On top of that, the draft CRR II requires same-day publication of the financial and disclosure reports. This requirement highlights the necessity of efficient processes.

Compared to the previous disclosure process, the EBA Guideline defines stricter requirements for governance. Non-compliance can impact the SREP add-on and thus lead to higher capital requirements. Furthermore, reputational damage and consequently a limited ability to participate in the capital market are possible.

Standardized disclosure as an opportunity

Currently, the annual disclosure process in many institutions is characterized by a large number of workarounds and individual data preparations. With the EBA Guideline, efforts are significantly increased due to the large number of fixed disclosure templates and intra-year disclosure (zeb project expertise: additional effort +40%). This additional effort can be considerably simplified and reduced by using a standardized and automated preparation process. At the same time, automated processes contribute to low production costs, reduce coordination and revision efforts and accelerate processes. zeb project expertise shows that the additional effort due to the new disclosure requirements can almost be offset by means of standardization and automation and that the quality of the reporting is also increased.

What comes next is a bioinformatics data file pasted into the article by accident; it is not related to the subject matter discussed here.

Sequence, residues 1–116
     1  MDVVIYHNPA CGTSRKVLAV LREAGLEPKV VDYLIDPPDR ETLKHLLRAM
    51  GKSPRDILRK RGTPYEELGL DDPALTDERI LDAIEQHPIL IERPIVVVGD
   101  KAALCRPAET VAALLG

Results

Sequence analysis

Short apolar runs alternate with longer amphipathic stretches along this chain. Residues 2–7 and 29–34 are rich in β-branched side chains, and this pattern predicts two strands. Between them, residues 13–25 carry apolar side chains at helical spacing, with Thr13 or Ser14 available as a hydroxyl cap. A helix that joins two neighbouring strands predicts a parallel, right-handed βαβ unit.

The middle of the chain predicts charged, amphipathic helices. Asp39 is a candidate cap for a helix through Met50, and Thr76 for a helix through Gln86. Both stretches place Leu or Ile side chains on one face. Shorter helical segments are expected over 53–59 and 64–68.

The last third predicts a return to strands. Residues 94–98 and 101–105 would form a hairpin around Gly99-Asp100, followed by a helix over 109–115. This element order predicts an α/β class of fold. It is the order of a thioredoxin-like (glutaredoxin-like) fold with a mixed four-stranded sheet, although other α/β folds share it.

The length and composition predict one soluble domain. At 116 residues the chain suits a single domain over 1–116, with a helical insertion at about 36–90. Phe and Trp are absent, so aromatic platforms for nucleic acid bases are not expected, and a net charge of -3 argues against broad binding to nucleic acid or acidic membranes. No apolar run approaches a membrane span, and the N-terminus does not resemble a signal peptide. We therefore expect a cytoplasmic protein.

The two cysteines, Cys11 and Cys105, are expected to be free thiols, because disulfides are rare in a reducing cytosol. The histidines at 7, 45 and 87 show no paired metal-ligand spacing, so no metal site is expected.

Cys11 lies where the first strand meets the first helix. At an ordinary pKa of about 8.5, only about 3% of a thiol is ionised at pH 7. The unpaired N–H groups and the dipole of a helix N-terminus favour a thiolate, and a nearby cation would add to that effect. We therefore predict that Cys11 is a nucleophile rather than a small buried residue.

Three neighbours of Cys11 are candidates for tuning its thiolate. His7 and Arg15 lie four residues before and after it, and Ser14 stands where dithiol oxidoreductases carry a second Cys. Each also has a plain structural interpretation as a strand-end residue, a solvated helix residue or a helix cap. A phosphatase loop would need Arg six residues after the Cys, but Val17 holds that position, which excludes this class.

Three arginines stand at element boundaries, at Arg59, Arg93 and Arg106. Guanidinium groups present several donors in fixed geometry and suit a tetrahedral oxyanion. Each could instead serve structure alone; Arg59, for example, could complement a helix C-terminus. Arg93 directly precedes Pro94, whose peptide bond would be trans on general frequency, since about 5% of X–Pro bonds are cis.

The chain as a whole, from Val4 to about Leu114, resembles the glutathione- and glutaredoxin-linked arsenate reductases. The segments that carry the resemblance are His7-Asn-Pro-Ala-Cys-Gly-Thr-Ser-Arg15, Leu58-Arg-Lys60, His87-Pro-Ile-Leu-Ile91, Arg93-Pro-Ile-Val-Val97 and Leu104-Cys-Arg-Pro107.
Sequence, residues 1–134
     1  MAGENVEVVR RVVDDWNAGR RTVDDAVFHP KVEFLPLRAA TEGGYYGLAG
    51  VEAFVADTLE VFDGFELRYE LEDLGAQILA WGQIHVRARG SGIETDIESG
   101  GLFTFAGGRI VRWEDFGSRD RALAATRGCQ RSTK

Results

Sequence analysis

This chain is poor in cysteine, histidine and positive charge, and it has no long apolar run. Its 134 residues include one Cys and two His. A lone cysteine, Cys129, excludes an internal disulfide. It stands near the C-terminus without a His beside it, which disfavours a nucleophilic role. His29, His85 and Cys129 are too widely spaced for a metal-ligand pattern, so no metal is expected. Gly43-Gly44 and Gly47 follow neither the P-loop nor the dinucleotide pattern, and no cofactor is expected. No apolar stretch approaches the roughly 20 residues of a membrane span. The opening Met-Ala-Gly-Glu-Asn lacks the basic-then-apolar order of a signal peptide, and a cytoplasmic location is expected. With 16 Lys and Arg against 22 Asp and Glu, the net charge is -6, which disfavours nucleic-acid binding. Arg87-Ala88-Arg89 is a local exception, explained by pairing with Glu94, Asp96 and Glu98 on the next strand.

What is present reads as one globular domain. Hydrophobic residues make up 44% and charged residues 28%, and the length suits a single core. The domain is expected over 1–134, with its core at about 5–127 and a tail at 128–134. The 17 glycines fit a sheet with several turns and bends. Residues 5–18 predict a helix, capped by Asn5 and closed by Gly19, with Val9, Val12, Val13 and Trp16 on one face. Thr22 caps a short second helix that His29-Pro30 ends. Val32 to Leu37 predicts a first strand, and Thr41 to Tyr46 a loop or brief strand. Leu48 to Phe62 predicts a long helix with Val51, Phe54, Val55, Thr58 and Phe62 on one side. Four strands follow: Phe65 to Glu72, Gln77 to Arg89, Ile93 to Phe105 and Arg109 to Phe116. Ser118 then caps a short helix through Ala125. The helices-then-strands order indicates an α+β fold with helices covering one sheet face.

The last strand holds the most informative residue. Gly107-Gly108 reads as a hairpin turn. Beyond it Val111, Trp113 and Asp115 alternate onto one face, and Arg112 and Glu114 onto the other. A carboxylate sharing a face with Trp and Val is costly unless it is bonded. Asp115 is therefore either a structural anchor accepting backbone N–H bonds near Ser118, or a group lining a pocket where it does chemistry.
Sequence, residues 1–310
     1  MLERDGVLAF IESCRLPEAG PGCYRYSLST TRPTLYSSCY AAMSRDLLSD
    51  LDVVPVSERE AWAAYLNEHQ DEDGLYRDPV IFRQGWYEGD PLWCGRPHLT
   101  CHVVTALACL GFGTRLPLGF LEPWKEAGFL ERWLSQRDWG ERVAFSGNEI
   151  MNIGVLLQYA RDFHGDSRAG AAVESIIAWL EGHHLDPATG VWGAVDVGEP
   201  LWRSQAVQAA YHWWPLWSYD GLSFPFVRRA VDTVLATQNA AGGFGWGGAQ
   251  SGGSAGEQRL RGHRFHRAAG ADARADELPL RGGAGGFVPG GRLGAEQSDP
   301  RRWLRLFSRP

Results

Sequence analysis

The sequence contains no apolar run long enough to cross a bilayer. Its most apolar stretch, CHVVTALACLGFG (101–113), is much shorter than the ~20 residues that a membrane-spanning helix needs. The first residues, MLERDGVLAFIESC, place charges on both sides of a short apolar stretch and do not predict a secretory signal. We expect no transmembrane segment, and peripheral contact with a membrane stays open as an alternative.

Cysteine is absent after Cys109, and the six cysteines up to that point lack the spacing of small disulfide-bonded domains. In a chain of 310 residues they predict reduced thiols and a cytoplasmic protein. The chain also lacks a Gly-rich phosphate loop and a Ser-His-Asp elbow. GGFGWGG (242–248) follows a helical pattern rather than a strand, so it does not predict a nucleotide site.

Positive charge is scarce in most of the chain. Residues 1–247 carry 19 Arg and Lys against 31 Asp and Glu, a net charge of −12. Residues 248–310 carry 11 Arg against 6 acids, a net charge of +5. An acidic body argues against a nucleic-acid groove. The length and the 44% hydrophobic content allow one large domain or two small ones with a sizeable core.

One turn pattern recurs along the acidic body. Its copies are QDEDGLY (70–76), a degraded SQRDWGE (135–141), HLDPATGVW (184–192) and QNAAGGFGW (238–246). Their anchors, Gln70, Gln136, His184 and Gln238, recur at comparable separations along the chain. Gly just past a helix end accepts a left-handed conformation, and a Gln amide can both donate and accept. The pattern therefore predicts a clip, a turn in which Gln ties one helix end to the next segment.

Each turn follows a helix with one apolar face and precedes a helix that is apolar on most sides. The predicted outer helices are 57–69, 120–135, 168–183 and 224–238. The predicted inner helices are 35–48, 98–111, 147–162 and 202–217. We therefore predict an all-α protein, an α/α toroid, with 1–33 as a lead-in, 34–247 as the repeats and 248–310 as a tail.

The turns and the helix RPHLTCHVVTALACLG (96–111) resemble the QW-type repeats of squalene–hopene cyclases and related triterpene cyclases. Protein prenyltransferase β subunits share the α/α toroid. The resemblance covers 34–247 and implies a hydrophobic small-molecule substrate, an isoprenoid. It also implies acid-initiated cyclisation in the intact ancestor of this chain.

The standardized disclosure templates also allow institutions to use and analyze competitors’ disclosure data to derive important impulses for regulatory capital and liquidity management by means of peer benchmarking.


Until CRR II enters into force, the new disclosure requirements defined by the EBA guideline must be applied by G-SIBs, O-SIBs and institutions nominated by national supervisory authorities[2]. For Stage II of disclosure standardization (BCBS #400), it is expected that this will be transposed into European law via CRR II and thus be applied for the first time on the key date of December 31, 2019.

Upon entry into force of CRR II, the standardized disclosure templates of Stage I and II will for the first time also have to be applied by non-systemically important banks and those not nominated by the national supervisor, taking proportionality into account. The draft CRR II from November 24, 2016 envisages staggered disclosure frequencies and contents based on the principle of proportionality: